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BuildForce sees B.C. and Ontario growth while Alberta hits ‘new normal’

Warren Frey
BuildForce sees B.C. and Ontario growth while Alberta hits ‘new normal’

Canada’s construction economy is winding down – except where it’s gearing up.

That was the takeaway from the BuildForce Canada economic forecast session held recently at the Mechanical Contractors Association of Canada’s (MCAC) conference in Nashville, Tenn. Ontario and British Columbia are driving the economy while other provinces hold steady and former dynamo Alberta finds a slower pace of growth.

“Alberta has come off a significant decline in new capital investment that had driven the previous expansion period for basically the last decade. We now believe we’ve hit a new normal and Alberta, as we see it now, will start to increase again. Certainly, the demand for new construction but also sustaining capital is on the upswing,” BuildForce Canada executive director Bill Ferreira said.

Ferreira noted new oil and gas and diversification projects are driving demand in the province, along with population growth.

“In Calgary, for instance, we’ve seen a fairly significant rise in the number of building starts going on in the downtown core, and you’ll see more and more of that. It’s a young province that continues to pull in a large number of immigrants, and we don’t see that changing anytime soon,” he added.

Economic growth in Ontario is also driven by immigration, particularly in the Greater Toronto Area, and a significant number of major infrastructure projects are taking shape in the province contributing to skilled labour shortages, Ferreira said.

“Add to that the fact that there’s a population that’s beginning to retire and you have very tight labour markets, as tight as one or two per cent last July in the construction industry. Construction is near to full employment but given that you need a little flexibility between projects, I would argue it’s beyond full employment,” he said.

B.C. is approaching a similar situation, Ferreira said, with a high number of major infrastructure projects starting up in the Lower Mainland as well as increased immigration to the province.

“That requires more residential construction, which means more commercial and institutional construction, and you have two very significant construction projects in the north that continue to pull labour not only from within the province but from neighbouring provinces,” he said.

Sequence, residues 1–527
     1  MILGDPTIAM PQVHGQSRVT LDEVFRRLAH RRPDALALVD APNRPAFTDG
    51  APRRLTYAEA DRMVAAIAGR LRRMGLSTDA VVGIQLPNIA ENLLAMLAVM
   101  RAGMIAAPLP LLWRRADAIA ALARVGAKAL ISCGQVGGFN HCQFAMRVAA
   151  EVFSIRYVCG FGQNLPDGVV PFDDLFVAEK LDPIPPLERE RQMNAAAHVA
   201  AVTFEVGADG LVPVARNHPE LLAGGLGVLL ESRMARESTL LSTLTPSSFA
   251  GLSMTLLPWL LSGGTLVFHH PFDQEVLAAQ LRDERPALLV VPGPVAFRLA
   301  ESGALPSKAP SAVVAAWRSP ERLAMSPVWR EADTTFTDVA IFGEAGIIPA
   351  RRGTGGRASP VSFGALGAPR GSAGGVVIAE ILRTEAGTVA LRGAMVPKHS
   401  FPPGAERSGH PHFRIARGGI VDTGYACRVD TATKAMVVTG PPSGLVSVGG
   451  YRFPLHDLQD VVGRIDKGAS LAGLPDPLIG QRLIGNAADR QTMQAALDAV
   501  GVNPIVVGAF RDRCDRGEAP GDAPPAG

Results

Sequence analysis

BuildForce anticipates that by 2021, B.C. will need an additional 14,000 workers just on the non-residential side, Ferreira said, and “over and above all the extraordinary efforts of the provincial government and the industry to recruit new people, it takes several years to train people.”

“The reality is that we won’t be able to rely just solely on training within the province to meet that demand. There will have to be a fair amount of mobility both within the province but also bringing people in from neighbouring provinces, as well as, at times, using the Temporary Foreign Worker Program when availability has been tapped,” Ferreira said.

Labour shortages are a problem across the country and technology is not a catch-all solution, Ferreira noted.

“The big challenge is that how do you measure the impact of technology with our forecasts, and it’s very difficult to do until you start seeing that technology filter into the industry,” he said.

Ferreira said from talking to construction employers BuildForce has determined the first wave of technological change will take place in the back office which will improve design, estimating and controls.

“The next wave will be augmentation, tools and machinery to augment the skills of workers and free them from the more mundane aspects of their jobs and allow them to focus on the creative aspects,” he said.

That’s a “win-win” for the industry, he added, and will ease the burden on the labour force.

Incoming data shows the industry is responding to the coming wave of demographic change, Ferreira said, particularly in the mechanical trades.

“The mechanicals have done a better than average job in actually recruiting individuals into the industry in their four key trades. Across the country the story is slightly different but for the most part the mechanical trades have done a very good job in recruiting young apprentices into the industry,” he said.

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